Commonly Overlooked OSHA Standards
Occupational Safety and Health Administration standards published since 1971 (the first year the agency promulgated regulations) run the gamut from A (asbestos) to Z (zirconium compounds). After almost 45 years of rule-making, it’s no surprise that a number of regulations fly under the radar of some employers. With that in mind, here are some important facets of OSHA standards that organizations should not overlook, as they can lead to fines or injuries.
Let’s start with the obligation known as the “general duty clause.” Employers should grasp the scope of this potentially unlimited requirement to furnish a place of employment free from recognized hazards that are causing or likely to cause death or physical harm to employees. OSHA inspectors have used the “general duty clause” to cite employers for such varied risks as musculoskeletal hazards that have caused injuries, for exposing retail employees to potential workplace violence, and for combustible dust hazards that can cause explosions and fires.
Speaking of scope, perhaps the most overlooked paragraph of OSHA standards is the scope, applications, and definitions section (not every OSHA standard has one). For example, OSHA’s construction regulations for fall protection state, “Section 1926.501 sets forth those workplaces, conditions, operations, and circumstances for which fall protection shall be provided except as follows:..”. Not carefully reading this section of many OSHA rules can lead to compliance misinterpretation and misapplication.
OSHA’s respiratory protection standard carries some often overlooked provisions. The agency’s prohibition against facial hair that comes between the sealing surface of a tight-fitting facepiece and the face was interpreted in a June, 2014, compliance directive (CPL 02-00-158) as “one day’s growth.” So if a respirator user’s shift ends at 5 pm today, he must shave prior to commencing his next shift.
The respiratory protection standard also requires a written recommendation from a designated physician, or other licensed health care professional, regarding each employee’s ability to use his or her respirator. Employer records on file often show that an employee was evaluated only for the respirator he or she uses on a day-to-day basis, but not for ones used in special situations, such as emergency response activities. Wearing an SCBA for rescue work can place a much greater physical burden on a worker than a cartridge-type respirator. A medical recommendation is required for each and every type of respirator used by an employee.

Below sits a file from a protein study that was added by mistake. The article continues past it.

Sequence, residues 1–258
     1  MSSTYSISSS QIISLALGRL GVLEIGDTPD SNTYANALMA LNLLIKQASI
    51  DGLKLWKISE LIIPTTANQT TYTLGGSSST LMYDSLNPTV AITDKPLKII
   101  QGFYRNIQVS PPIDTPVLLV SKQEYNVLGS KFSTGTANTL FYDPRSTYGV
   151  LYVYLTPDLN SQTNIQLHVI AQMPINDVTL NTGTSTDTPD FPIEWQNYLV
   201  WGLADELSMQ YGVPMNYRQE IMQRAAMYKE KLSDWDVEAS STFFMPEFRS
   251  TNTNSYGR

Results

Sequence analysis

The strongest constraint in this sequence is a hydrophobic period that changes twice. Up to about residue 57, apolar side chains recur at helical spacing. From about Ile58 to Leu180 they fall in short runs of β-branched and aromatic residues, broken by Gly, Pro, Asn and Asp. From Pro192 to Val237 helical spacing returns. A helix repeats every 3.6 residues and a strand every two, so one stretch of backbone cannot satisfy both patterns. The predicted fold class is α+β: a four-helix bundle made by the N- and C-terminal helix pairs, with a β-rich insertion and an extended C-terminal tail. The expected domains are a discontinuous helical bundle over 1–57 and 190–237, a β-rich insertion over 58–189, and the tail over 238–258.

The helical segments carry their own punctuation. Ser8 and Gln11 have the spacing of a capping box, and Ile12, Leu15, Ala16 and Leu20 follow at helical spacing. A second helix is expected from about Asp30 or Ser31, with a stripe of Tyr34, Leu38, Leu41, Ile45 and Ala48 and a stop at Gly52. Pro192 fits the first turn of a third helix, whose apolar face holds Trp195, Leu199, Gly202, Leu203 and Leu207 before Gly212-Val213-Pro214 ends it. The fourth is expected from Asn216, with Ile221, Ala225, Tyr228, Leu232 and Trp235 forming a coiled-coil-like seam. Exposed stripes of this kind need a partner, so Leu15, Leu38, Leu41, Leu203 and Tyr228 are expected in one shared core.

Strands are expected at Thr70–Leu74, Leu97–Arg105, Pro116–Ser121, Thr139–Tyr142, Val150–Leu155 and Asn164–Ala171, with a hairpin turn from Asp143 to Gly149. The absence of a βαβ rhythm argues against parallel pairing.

Fit tests are required for all tight-fitting respirators, and here again, records on file sometimes only document fit testing for the respirator used regularly by an employee. If an employee occasionally uses an SCBA for confined space entry or rescue, that tight-fitting equipment must be fit tested as well.
The scope of OSHA’s confined space standard for general industry is often misinterpreted, resulting in dangerous confined spaces being overlooked. Confined spaces include tanks, storage bins, vaults, manholes, pits, tunnels, ductwork, and pipelines. If employees will be working in or near any space that could possibly be considered confined, make sure you carefully read the OSHA standard so that all proper protocols are followed.
Employees miss out on important training if a permit-required confined space is not identified. More broadly, many employees can be overlooked when it comes to OSHA training requirements for any number of standards. New hires must be trained in all applicable OSHA standards before they are exposed to hazards – a quick safety orientation does not suffice. Part-timers, temps, and night-shift workers often get overlooked when it comes to required training. Office employees need to be trained on emergency action plans and evacuation routes. If these employees go onto the shop floor or construction site on occasion, they must be trained for the hazards to which they are exposed.
Finally, certain OSHA reporting requirements were amended and took effect in January, 2015, that some employers may not know. Any fatality must be reported to OSHA within eight hours from the time of the incident (this remains unchanged); and now employers must report: 1) hospitalizations of an employee if the hospitalization occurs with 24 hours of the incident, and 2) all work-related amputations and loss of an eye or eyes must be reported if they occur within 24 hours of the incident. Incident reports can be made via telephone to the OSHA 24-hour hotline at 800-321-6742, or the nearest OSHA office during regular business hours.
As you can see, it can become very difficult to stay on top of OSHA standards with so many rules and updates to those rules. Leveraging an occupational health partner that knows the ins and outs of OSHA standards can be an effective way to lessen the burden on your organization.